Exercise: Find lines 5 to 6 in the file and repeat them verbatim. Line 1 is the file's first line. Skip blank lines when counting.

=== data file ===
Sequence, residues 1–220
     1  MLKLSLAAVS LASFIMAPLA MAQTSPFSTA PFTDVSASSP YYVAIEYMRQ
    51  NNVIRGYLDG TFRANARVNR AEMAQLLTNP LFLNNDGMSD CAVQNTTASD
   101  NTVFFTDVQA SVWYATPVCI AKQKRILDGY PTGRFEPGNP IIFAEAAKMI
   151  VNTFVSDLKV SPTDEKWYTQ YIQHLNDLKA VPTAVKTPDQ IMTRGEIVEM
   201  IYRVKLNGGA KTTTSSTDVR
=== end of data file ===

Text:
   151  VNTFVSDLKV SPTDEKWYTQ YIQHLNDLKA VPTAVKTPDQ IMTRGEIVEM
   201  IYRVKLNGGA KTTTSSTDVR